Lead Auditor, quite correctly, copied in Charan on the reply, saying that he would be in touch with Jack. That was the last e-mail on the subject that Charan received; he was not copied in on subsequent exchanges. In interview, Charan said that when he had seen the e-mail he thought 'good, Eduardo has sorted this one — job done'.

In due course, Lead Auditor rang Jack and asked for a copy of the discs. Jack challenged whether the NAO needed the full details and was told that they did, for continuity with the previous audit in March.

Jack asked for an e-mail, which duly arrived, requesting that the discs be sent to Another Auditor at the NAO's offices in Buckingham Gate.

After some failures in producing copies of the discs, Jack eventually sent the originals which had been used to load the data onto the standalone computer, because they were zipped with Winzip and had a (fairly simple) password encryption.

He put them into a Jiffy bag inside a yellow 'Tax Post' envelope, addressed to the NAO in Buckingham Gate on 18 October 2007. Tax Post is a TNT-outsourced delivery service for HMRC internal mail, but with no tracking.

The NAO address was not one of the addresses served by Tax Post, although TNT said it was an address which it had on record, and the discs should therefore have arrived.

However they did not, or at least they were never found there. Lead Auditor rang Charan on 23 October (because Jack was away at a meeting) and was, according to Charan, 'angry (very direct and short)'.

At this point, all anyone seemed to be worrying about was that the loss of the discs meant that they could not complete the audit. A duplicate set of discs was couriered over on 25 October 2007.

While Poynter says that it was clear the loss of the discs had prompted concern among 'a number of the parties involved', it took until 8 November for a security incident to be raised.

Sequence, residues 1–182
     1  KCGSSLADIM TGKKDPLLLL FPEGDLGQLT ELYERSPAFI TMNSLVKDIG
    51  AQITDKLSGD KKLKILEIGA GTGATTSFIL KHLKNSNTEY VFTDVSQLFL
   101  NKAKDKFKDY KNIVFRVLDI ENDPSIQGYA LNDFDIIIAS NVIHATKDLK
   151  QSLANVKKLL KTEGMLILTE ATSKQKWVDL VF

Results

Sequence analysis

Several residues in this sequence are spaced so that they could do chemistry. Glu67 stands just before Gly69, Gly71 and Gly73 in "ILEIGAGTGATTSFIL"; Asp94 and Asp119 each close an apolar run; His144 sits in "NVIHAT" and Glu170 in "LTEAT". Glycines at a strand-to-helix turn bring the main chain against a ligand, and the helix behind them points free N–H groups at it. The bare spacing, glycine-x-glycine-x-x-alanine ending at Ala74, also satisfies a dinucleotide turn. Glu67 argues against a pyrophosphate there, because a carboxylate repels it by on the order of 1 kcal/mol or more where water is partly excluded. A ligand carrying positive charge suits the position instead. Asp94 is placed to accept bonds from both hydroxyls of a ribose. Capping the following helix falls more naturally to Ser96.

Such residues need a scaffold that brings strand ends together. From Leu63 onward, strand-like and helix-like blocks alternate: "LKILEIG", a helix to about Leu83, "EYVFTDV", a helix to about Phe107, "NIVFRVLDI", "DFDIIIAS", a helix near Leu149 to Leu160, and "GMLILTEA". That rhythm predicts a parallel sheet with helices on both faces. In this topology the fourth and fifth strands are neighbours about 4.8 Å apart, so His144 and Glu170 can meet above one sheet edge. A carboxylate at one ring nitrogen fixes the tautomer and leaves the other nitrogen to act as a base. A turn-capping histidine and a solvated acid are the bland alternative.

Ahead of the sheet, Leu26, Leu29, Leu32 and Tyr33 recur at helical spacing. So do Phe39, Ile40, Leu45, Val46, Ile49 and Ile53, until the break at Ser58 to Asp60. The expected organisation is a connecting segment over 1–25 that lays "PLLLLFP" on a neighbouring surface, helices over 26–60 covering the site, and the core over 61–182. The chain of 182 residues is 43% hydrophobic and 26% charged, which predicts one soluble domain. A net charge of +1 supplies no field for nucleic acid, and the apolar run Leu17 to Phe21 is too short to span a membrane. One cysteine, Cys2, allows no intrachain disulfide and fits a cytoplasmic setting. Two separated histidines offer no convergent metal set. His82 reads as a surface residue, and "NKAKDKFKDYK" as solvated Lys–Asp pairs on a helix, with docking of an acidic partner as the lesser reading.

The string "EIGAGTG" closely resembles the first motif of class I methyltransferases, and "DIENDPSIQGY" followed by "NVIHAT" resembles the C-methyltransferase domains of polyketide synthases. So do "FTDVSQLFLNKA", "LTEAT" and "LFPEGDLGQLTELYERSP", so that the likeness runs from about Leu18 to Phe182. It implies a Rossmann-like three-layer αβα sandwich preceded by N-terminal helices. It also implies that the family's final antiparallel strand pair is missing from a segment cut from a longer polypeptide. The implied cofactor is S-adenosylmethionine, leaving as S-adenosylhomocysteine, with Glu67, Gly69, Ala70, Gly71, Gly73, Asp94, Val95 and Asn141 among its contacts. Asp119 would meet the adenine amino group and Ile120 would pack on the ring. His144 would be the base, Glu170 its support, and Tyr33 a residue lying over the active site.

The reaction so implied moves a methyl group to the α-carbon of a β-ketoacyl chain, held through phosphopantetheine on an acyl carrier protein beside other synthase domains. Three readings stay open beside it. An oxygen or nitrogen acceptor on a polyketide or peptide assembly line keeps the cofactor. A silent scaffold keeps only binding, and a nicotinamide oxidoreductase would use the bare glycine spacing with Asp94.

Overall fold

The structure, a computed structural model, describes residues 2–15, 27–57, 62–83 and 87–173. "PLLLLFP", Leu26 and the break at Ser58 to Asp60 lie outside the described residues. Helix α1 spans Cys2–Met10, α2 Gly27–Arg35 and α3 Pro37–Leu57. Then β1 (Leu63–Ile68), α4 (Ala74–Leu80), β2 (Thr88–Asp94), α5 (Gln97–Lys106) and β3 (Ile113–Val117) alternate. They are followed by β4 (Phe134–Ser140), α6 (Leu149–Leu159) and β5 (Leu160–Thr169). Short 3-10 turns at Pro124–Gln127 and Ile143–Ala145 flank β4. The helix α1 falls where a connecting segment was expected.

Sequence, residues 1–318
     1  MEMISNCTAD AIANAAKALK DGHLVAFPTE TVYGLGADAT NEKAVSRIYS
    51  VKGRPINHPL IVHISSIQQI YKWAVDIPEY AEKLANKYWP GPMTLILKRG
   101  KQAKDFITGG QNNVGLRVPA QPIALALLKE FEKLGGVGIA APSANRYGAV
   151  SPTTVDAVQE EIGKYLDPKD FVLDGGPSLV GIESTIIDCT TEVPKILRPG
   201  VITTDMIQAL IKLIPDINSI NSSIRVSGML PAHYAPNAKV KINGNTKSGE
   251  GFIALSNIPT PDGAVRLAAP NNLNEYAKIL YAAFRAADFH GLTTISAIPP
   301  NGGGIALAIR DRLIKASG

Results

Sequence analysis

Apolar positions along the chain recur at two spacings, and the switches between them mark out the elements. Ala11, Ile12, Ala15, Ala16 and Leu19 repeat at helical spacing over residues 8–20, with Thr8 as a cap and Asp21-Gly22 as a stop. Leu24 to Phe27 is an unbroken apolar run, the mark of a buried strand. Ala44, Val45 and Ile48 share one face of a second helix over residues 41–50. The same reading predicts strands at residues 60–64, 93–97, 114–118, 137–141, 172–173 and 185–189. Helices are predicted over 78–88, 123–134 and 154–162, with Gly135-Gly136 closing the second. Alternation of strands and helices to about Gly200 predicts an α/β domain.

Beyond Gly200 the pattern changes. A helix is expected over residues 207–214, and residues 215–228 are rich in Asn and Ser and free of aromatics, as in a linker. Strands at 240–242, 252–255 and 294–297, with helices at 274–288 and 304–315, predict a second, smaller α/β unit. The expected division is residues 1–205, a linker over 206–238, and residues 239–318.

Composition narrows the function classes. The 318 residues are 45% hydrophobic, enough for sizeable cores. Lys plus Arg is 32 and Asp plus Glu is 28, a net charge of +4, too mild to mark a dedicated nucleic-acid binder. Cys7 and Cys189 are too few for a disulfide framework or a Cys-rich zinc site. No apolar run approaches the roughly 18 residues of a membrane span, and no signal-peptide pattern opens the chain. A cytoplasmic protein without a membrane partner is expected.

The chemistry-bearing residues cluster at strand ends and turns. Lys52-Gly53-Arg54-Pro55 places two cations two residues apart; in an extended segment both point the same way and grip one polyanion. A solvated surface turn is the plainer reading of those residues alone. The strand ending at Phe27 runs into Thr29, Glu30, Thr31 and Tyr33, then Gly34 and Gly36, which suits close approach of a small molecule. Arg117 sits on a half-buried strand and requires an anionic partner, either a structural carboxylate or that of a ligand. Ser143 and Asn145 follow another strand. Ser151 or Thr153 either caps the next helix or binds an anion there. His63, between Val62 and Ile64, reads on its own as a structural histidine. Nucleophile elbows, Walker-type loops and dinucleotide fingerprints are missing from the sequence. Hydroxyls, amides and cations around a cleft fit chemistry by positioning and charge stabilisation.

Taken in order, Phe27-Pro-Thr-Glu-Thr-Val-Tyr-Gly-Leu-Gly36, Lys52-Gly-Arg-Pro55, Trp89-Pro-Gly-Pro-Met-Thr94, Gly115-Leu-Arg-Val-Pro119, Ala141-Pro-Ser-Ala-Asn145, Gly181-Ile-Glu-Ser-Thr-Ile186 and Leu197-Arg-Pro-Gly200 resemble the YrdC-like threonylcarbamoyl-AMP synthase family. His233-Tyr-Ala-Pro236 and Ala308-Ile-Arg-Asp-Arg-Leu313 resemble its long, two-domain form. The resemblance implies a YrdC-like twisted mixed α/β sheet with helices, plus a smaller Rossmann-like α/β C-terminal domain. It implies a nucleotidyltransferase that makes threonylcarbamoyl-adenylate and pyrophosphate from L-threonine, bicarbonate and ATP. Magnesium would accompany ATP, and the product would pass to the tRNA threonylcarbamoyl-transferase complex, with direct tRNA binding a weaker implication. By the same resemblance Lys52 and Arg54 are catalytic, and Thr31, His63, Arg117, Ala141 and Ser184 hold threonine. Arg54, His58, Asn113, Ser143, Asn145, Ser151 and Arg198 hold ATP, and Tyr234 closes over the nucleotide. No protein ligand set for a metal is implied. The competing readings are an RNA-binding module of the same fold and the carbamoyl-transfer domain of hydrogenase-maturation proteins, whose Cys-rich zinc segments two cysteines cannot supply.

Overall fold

As he says, 'one can only speculate about what might have happened if the failure of the discs to arrive as expected on 19 October had been raised immediately with senior officials'.

Data security

It is a feature of the report that, whilst senior staff seem to have not picked up on the hints in their cc e-mails (for which they are largely exonerated by the report), and Doris was honestly, though wrongly, convinced that whatever NAO wanted NAO should have, some of the junior staff did raise questions and objections.

This included the most unfortunate character of all in the drama, Jack. Although he was the person who actually posted off the discs, he also raised even more objections than I have had space to list above.

The problem for all of them was that they were not aware of any procedures laid down for data security and transfer, and therefore were trying to make some up as they went along.

However, there were procedures laid down for just these situations, although they were not as clear as they could have been. Had Jack known where to find them, he might well have taken the issue higher before posting off the discs, and a lot of trouble might have been averted.